Probably because Google is announcing a lot of new things at once (buying Pyra, content-targeted advertising, world domination, etc.), the usual Google buzz has turned into palpable Fear and Loathing of Google. I apparently added a little momentum to the debate via Dave, with my comments regarding Googles “free ride” by selling paid advertising.
I want to be clear on the “free ride” issue (and I don’t want Google to be mad at me). There are multiple instances of “free rides” on the Internet and in real life, and while sometimes the free ride rises to trademark or copyright infringement, or unfair competition or unjust enrichment, most of the time, few are actionable.
The example I utilized – comparing a Google search for TRADEMARK to a Google search for TRADEMARK BLOG -illustrate the ambiguities of the situation. In the first case the searcher (presumably) only knows the subject of the resource he/she desires.
Metal wire was invented in approximately 400 AD. Barbed wire was invented in the 1870′s. Plaintiff began selling barbed wire in 1889. It began coloring the top wire strand red in 1920 (and received a trademark registration for red top wire fencing in 1921). Its KING RANCH wire is pictured above. Defendants began selling green top wire fencing in 2000. Plaintiff obtained a preliminary injunction as it has “a better than neglible chance” of establishing that defendants’ placement of any color (not just red) on the top wire of a barb wire fence will likely cause confusion with plaintiff’s mark. Keystone Consolidated v. Midstates Distributing, 65 USPQD2d 1492 (CD Ill Dec 2002) (decision applarently not online).
More on the history of barbed wire here.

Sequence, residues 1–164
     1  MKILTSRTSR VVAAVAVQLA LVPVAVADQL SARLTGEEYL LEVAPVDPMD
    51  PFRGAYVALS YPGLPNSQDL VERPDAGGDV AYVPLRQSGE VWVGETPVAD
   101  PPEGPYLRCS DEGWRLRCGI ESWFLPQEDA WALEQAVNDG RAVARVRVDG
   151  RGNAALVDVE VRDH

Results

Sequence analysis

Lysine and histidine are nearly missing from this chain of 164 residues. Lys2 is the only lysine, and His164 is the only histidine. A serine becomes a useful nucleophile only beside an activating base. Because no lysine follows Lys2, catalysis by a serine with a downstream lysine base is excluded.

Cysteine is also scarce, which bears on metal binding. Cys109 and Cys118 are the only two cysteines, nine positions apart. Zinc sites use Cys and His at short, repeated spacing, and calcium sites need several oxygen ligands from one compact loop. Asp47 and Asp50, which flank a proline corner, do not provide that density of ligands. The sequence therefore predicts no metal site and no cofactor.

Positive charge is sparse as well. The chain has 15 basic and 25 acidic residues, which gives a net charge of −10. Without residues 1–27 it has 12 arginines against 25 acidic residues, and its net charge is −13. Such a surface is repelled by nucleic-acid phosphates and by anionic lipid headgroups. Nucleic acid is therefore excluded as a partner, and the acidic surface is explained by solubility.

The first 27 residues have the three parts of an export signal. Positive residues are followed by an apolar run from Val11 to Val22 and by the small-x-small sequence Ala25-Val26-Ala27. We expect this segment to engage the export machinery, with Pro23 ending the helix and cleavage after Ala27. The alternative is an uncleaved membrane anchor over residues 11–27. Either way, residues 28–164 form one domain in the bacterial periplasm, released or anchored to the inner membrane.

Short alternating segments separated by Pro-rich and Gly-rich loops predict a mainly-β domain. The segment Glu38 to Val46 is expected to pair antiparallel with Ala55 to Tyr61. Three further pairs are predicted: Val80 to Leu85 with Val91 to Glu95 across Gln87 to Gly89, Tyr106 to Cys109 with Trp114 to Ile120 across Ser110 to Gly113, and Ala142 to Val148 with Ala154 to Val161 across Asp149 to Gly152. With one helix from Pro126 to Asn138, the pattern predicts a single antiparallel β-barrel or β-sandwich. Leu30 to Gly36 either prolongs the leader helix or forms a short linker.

More here on the long and tortuous history of the various Russian vodka trademarks such as MOSKOVSKAYA and STOLICHNAYA (some background here and here and don’t forget Moscow Distillery Cristall v. Pepsico, 4 USPQ2d 1217 (1998)).
I’m sure that blurb will make it to the back of the paperback edition of “Pattern Recognition,” the new novel by William Gibson, author of Neuromancer. The main character is a marketing consultant allergic to trademarks. Really.
The ABANet article on blawgs (with my picture) hit the web yesterday while I was still clearing customs in Houston. Hopefully readers who checked out the site enjoyed the nice picture of the parrot. I am honored to be mentioned in the same article as some of my favorite blogs, SCOTUS, How Appealing and Bag and Baggage. I also have to thank Ernie as usual, for putting in a good word.
Today’s Wall Street Journal’s lead article discusses the cat-and-mouse game between Google and those who seek to “game” Google in order to boost their rankings. Of interest is the discussion of the lawsuit brought by SearchKing against Google regarding Google’s tweaking of its search algorithm (and the resulting bad effects on SearchKing’s methods). In that case Google is arguing that its search results are in essence opinions of a website, and therefore protectable speech.
I’m of two views of Google. An astounding amount of my traffic results from people using various trademark related terms (and the term MECCA COLA). Because my site is updated regularly (this past week being an exception), and because there are apparently numerous links to this site, I place very highly on Google. Accordingly, the folk at Google are clearly geniuses, critical to the Trademark Blog’s success.
On the other hand, when someone uses TRADEMARK BLOG as a Google term, Google collects some amount of money from LEGALZOOM.COM and LITMANLAW.COM for paid advertisements. Neither the advertisers nor Google share that money with me. In this sense Google is a craven free-loader – exploiting an advertising medium not paying for content (dramatic overstatement indicator on). Some day the Ninth Circuit may decide the Playboy/Excite keyword case and we may get some guidance on “free rides.” In the meanwhile, Google does me (and the Internet) much more good than harm.